ABSTRACT: OBJECTIVES: To compare the effectiveness, safety and oncologic adequacy of laparoscopic and open distal pancreatectomy (ODP) for pancreatic adenocarcinoma. METHODS: A systematic literature search was performed using EMBASE, Medline, the Cochrane library, and Google Scholar. Meta-analyses were performed using both fixed-effect and random-effect models. A cumulative meta-analysis was performed to track the accumulation of evidence. The power that a new trial of specified samples would give to the present meta-analysis was estimated with simulation-based sample size calculation. RESULTS: Patients who underwent laparoscopic distal pancreatectomy (LDP) had significantly smaller tumours [mean difference (MD) = -0.49 (-0.83 to -0.14), p = 0.005], less estimated blood loss [MD = -157.27 (-281.63 to -32.91), p = 0.01], and shorter average hospital stay by two days [MD = -2.35 (-3.1 to -1.59), p < .001] than those who underwent ODP. No significant differences in feasibility, effectiveness, and safety were noted. Cumulative meta-analysis demonstrated that the results were not dominated by a particular study. A new trial with 350 patients in each arm will give a maximum power of 48% to the present meta-analysis. CONCLUSIONS: LDP for pancreatic adenocarcinoma provides similar clinical and oncologic outcomes with shorter hospital stay by two days compared to ODP. However, underpowered sample size and smaller tumour size may have influenced the results of laparoscopic surgery. Therefore, an adequately powered randomized controlled trial is needed to shed further light on the appropriateness of this approach.

7 Article Does blood group affect survival following pancreatoduodenectomy for periampullary malignancy? 2018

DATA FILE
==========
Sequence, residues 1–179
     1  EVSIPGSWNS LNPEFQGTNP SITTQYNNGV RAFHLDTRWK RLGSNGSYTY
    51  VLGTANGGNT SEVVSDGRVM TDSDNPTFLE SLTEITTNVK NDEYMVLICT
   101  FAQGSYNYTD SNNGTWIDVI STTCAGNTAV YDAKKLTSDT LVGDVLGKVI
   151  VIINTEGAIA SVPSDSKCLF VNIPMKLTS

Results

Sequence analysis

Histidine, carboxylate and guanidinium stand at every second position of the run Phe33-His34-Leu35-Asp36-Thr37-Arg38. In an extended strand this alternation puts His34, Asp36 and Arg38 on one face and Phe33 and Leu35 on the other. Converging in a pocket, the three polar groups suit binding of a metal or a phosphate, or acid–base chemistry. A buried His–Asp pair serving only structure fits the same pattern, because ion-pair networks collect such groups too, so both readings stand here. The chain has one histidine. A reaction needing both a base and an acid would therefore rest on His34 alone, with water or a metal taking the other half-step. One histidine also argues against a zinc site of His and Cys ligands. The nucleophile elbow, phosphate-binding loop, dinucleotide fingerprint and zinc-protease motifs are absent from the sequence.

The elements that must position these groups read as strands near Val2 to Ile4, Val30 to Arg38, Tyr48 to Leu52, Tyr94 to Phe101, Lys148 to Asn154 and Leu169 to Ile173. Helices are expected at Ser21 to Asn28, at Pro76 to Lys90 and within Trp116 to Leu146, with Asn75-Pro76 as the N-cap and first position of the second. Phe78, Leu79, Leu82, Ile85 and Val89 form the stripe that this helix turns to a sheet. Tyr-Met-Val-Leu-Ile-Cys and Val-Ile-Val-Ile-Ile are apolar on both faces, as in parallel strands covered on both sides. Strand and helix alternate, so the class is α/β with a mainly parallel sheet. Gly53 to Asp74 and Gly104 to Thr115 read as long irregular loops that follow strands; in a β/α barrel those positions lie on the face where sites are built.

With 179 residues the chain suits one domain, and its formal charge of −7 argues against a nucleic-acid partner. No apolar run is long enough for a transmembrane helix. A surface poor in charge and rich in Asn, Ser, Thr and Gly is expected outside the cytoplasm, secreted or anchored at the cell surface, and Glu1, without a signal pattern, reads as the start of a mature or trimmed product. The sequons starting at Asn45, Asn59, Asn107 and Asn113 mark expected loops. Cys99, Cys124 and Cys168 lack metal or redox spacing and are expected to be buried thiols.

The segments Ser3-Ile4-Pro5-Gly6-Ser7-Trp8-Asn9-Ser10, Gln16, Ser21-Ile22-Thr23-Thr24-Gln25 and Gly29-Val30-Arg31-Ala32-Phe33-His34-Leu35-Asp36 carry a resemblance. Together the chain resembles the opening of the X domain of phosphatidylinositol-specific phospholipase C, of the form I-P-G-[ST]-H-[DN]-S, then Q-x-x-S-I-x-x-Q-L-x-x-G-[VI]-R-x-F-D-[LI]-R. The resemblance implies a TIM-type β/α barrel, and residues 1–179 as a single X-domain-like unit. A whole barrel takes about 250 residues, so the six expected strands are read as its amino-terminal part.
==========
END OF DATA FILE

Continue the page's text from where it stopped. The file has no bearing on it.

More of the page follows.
Khalil, Khalid / Bansal, Sukhchain / Ayaani, Soofiyah / Hodson, James / Lam, For Tai / Khan, Saboor / Ahmad, Jawad / Isaac, John / Muiesan, Paolo / Mirza, Darius / Dasari, Bobby / Marudanayagam, Ravi / Sutcliffe, Robert P / Marangoni, Gabriele / Roberts, Keith J. ·The HPB Unit. University Hospitals Birmingham NHS Foundation Trust, UK. · University Hospitals Coventry and Warwickshire, UK. · Medical Statistician, University Hospitals Birmingham, UK. · The HPB Unit. University Hospitals Birmingham NHS Foundation Trust, UK. Electronic address: Keith.roberts@uhb.nhs.uk. ·HPB (Oxford) · Pubmed #29705345.

ABSTRACT: BACKGROUND: Blood group is reported to have an effect upon survival following pancreatoduodenectomy for pancreatic ductal adenocarcinoma. The effect of blood group is not known, however, among patients with other periampullary cancers. This study sought to review this. METHODS: Data were collected for a range of factors and survival outcomes from patients treated at two centres. Those with blood groups B and AB were excluded, due to small numbers. Patient survival was compared between patients with blood groups O and A using multivariable analysis which accounted for confounding factors. RESULTS: Among 431 patients, 235 (54.5%) and 196 (45.5%) were of blood groups A and O respectively. Baseline comparisons found a significant difference in the distribution of tumour types (p = 0.011), with blood group O patients having more ampullary carcinomas (33.2% vs 23.4%) and less pancreatic ductal adenocarcinomas (45.4 vs 61.3%) than group A. On multivariable analysis, after accounting for confounding factors including pathologic variables, survival was found to be significantly shorter in those with blood group A than group O (p = 0.047, HR 1.30 [95%CI: 1.00-1.69]). CONCLUSIONS: There is a difference in the distribution of blood groups across the different types of periampullary cancers. Survival is shorter among blood group A patients.